What is the significance of the Electoral College in the U.S. History?
I would say that, in general, the Electoral College is much more significant in the study of American government than it is in the study of United States History. However, there have been some times when it was significant for US history as well.
I would argue that the Electoral College was most significant to US history when it was created. This was when the Constitution was written and ratified in the 1780s. At that time, the creation of the Electoral College helped allow some people to accept the Constitution. The Electoral College was a way of satisfying both the people who wanted more democracy under the new constitution and those who wanted less. The Electoral College allowed the people to have some degree of say over who would be president. This was attractive to the people who wanted democracy. At the same time, the creation of the Electoral College put a few steps between the people and the actual vote for the president. This was comforting to those who believed that the people were not to be trusted with the vote. Thus, the creation of the Electoral College allowed the Constitution to be acceptable to a variety of people.
Since then, the Electoral College has only really been significant in a few instances. Let us look at two such instances. One was in 2000 when George W. Bush won the Electoral College vote and became president even though he lost the popular vote. Bush was therefore president when the 9/11 attacks occurred. It is impossible to know how Al Gore would have handled the response to those attacks, but the fact that the Electoral College exists helped put Bush in office and allowed him to be the one who led the response to 9/11. The second important instance was in the 1876 election. Then, disputes over the electoral vote sent the election to the House of Representatives. This led to a compromise settlement in which Rutherford B. Hayes became president and Reconstruction ended in the South.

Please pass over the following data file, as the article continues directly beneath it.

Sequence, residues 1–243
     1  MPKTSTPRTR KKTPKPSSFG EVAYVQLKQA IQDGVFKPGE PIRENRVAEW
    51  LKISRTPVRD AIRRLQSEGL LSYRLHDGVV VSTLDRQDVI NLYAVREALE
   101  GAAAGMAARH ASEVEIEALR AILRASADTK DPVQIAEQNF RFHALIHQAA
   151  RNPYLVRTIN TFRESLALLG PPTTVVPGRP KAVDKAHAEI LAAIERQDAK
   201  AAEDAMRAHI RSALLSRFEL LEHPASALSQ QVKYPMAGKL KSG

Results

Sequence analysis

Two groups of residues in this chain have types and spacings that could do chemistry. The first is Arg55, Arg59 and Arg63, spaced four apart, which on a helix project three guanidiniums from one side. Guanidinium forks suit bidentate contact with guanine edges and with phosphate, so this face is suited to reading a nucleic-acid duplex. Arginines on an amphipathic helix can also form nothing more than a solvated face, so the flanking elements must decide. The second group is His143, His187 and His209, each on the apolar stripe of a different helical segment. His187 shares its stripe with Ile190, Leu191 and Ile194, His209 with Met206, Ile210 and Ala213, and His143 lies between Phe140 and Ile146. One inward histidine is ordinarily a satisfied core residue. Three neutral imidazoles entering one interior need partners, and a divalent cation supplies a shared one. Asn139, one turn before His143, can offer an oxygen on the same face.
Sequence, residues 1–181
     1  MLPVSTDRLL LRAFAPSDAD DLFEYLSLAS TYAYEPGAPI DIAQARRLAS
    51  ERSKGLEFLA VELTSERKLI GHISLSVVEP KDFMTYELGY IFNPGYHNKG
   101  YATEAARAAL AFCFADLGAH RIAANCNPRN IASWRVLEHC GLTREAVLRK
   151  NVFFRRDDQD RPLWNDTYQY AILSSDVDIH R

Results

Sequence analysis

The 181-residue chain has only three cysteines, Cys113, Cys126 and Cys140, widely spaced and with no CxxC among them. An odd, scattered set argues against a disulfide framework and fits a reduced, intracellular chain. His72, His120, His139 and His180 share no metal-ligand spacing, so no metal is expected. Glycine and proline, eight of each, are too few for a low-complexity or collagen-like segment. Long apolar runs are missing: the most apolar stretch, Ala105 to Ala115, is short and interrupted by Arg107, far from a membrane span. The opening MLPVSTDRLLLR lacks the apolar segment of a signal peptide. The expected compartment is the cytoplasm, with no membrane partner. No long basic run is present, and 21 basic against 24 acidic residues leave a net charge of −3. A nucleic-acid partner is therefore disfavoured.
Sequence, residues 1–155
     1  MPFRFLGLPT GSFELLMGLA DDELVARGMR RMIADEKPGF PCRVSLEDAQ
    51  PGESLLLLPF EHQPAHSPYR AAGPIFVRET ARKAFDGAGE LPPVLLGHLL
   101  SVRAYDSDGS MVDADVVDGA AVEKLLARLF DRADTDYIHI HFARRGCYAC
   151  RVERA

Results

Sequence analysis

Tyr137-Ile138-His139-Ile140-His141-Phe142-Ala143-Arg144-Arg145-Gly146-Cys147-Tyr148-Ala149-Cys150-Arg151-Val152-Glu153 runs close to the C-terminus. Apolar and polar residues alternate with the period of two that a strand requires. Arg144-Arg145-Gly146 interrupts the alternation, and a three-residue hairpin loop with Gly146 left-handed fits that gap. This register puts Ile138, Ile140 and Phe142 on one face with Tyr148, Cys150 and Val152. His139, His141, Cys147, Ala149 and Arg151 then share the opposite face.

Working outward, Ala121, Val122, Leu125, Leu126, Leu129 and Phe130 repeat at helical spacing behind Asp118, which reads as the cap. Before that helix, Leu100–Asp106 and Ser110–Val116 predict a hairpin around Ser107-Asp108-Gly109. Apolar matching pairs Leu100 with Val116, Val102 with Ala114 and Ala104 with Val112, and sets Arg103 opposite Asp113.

Thus, the Electoral College has played a significant role at various times in the history of the United States.
The electoral college is a very important part of the United States political system. Its purpose is for all the states to have representation when choosing a president. The problem with the EC is that it over rides the national popular vote and allows candidates to win enough votes through the bigger states to win. The EC allows the candidate to act independently without having to please congress so they vote for him.